Health Secretary Jeremy Hunt / Susannah Ireland


Jeremy Hunt must abandon plans to downgrade hospital A&E units until pressure on the health service eases, a senior Conservative has warned.

Nick de Bois, secretary of the powerful Tory backbench 1992 Committee, said that until the NHS stopped “funnelling patients to A&E” the Health Secretary must “call a halt” to the programme of hospital reconfigurations.

His comments will increase pressure on Mr Hunt ahead of a debate on the A&E crisis in Parliament on Wednesday.

It comes as a new survey of more than 100 of the country’s most successful hospitals found that seven out of 10 believed the accident and emergency system is at a “tipping point”.

Most trusts, questioned by Foundation Trust Network, said increasing demand played a part in the pressures on A&E departments, with 42 per cent naming more seriously ill patients and 32 per cent blaming failures of primary and social care services for the problems. Most expect pressures in the system to be worse this winter than last.

Writing for The Spectator Nick de Bois, whose local hospital is under threat from being downgraded, said Mr Hunt should ignore medical  opinion that some hospitals should have their services merged or transferred into the community.

“Broadly speaking the medical profession is urging the government to press ahead with the re-configuration of acute services, with increased investment in and use of primary care outside of hospitals,” he said. “The public remain to be convinced and the obvious pressures on A&E units only serve to baffle patients as to why the government wants to downgrade their local units.”

He added that Mr Hunt should call a halt to the proposals. “We are in danger of putting the cart before the horse – reducing A&E provision before the alternatives are in place – and exacerbating the lack of trust rather than building it,” he said.

Another Conservative MP, Chris Skidmore, also claimed that part of the pressure on A&E was that migrants were more likely to go straight to hospital than visit their GP.

“The two biggest drivers for A&E are an ageing population and people turning up at A&E unnecessarily,” he said. “John Heyworth, the president of the College of Emergency Medicine, has said that migrants routinely visit A&E instead of going to their GP and when you look at UK Border Agency studies of about 700 migrants, only half were ever registered with a GP.”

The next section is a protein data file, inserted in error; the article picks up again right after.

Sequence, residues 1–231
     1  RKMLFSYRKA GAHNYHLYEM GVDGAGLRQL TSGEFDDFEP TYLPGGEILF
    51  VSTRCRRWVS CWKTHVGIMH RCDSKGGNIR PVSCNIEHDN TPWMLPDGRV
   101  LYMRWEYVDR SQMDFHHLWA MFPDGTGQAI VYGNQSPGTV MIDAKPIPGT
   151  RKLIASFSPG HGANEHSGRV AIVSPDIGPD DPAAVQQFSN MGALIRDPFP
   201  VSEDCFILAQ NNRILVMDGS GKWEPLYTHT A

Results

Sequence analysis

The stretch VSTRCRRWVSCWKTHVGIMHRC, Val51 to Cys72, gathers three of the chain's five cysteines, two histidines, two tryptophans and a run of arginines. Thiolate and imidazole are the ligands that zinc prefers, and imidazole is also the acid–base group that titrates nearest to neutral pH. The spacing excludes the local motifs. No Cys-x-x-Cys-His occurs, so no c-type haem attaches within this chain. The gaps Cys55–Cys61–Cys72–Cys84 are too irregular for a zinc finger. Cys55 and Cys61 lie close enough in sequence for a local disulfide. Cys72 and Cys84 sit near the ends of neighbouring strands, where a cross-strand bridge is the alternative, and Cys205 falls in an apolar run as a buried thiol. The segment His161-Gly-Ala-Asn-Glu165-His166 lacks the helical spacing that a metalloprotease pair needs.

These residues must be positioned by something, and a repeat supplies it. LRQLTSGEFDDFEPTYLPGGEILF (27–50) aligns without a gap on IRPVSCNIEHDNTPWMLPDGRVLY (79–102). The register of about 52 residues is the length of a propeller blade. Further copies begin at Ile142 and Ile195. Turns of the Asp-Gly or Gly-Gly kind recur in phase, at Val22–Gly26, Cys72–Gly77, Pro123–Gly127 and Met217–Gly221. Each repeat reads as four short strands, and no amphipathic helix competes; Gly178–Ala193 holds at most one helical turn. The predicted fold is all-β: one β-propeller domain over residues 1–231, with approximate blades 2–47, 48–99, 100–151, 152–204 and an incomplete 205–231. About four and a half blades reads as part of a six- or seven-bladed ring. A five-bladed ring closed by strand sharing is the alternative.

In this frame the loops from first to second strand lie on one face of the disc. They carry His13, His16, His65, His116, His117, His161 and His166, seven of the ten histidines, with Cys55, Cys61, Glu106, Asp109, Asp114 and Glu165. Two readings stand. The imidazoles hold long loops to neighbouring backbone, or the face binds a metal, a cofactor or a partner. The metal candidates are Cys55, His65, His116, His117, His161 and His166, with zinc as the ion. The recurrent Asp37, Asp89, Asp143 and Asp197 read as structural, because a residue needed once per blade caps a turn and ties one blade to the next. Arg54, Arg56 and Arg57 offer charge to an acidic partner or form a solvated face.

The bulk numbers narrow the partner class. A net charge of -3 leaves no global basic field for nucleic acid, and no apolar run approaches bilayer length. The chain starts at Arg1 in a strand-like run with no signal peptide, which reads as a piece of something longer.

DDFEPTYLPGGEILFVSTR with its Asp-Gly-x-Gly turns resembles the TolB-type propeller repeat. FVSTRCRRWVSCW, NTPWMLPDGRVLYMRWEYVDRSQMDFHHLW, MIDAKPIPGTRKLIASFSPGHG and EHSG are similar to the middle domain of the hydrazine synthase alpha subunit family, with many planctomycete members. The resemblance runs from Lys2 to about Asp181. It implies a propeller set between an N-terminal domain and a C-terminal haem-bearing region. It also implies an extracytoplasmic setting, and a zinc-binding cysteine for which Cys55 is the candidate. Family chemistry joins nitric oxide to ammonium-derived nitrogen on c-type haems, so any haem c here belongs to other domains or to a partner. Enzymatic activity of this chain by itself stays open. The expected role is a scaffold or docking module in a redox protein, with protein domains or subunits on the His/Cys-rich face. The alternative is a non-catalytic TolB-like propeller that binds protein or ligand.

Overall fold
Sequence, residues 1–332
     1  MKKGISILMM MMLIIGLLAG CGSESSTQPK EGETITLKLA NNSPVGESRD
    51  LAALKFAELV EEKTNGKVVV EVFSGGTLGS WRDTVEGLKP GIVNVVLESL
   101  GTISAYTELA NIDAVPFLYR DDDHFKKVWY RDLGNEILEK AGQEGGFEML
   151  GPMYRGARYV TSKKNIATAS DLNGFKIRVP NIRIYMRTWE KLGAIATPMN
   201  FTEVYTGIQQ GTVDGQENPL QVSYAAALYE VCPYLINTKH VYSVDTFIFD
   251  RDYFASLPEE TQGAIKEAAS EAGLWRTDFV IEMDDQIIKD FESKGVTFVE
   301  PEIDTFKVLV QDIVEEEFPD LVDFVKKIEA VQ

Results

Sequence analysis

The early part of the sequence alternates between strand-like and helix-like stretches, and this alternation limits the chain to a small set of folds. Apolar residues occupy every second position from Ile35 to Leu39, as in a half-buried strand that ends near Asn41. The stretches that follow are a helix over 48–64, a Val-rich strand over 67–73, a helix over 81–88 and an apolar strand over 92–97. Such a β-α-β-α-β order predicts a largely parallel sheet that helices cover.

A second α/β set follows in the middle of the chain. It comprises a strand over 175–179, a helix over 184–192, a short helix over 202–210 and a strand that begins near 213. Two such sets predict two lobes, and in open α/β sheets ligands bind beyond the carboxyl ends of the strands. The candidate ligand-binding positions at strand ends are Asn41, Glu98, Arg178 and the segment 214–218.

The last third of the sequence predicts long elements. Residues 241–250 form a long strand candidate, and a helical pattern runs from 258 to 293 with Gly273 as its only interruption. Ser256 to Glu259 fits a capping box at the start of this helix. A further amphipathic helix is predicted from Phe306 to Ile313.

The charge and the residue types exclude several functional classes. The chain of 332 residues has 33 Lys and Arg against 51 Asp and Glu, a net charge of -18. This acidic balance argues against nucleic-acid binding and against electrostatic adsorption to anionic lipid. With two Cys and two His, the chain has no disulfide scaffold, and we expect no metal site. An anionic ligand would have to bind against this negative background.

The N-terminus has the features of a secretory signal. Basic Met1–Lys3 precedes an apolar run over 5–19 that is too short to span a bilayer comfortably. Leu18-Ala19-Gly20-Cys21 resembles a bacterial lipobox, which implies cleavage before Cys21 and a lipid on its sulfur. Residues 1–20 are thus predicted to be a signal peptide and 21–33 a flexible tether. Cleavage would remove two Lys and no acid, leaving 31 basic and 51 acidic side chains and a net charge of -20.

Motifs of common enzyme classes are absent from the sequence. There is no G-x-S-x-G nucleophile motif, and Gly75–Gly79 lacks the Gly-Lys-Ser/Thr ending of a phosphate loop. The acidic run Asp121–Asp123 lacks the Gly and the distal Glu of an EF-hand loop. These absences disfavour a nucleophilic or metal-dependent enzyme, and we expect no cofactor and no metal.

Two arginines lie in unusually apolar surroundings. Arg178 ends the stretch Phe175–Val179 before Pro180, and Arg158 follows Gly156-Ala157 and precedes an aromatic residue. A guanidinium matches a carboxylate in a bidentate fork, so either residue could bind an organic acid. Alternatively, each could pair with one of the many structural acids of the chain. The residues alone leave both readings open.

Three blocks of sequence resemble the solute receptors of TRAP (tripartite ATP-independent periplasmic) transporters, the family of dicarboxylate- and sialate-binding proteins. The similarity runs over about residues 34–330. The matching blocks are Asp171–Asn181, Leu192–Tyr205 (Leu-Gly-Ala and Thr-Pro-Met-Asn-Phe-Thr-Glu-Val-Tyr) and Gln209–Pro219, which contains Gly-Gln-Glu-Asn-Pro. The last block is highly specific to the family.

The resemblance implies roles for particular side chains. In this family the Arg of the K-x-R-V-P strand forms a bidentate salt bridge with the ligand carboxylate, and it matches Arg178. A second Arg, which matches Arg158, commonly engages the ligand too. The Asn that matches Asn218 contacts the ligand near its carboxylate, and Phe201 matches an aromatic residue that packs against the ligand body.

But this was dismissed by Clare Gerada chair of the Royal College of GPs. “You’re much more likely to have an immigrant caring for you than sitting up in front of the emergency department,” she said.

“I will accept there are certain migrants, especially those from Eastern Europe who don’t have a tradition of general practice, who will go to the emergency department rather than to general practice and we need to address that, but it’s certainly not responsible for the massive increase we’ve seen in recent months … certainly not responsible for the 1.7 per cent increase over the last decade.”

The Shadow Health Secretary, Andy Burnham, said Labour would be putting forward its own “A&E rescue plan”.

“Jeremy Hunt has lost time and lost the argument,” he said. “His complacency is one of the greatest dangers the NHS faces. He needs to come …and produce a practical plan to relieve the pressure on A&E departments.

“In the absence of Government action, it is Labour that is showing the leadership the NHS desperately needs at this time. The Government has desperately tried to blame everybody else for a crisis of their own making. They are failing to get a grip on the real causes of the crisis…”

He said Labour would provide support by handing £1.2 billion of the NHS “under-spend” to support the elderly at home. They would also halt the closures of NHS Walk-In Centres and review all planned A&E closures and downgrades.

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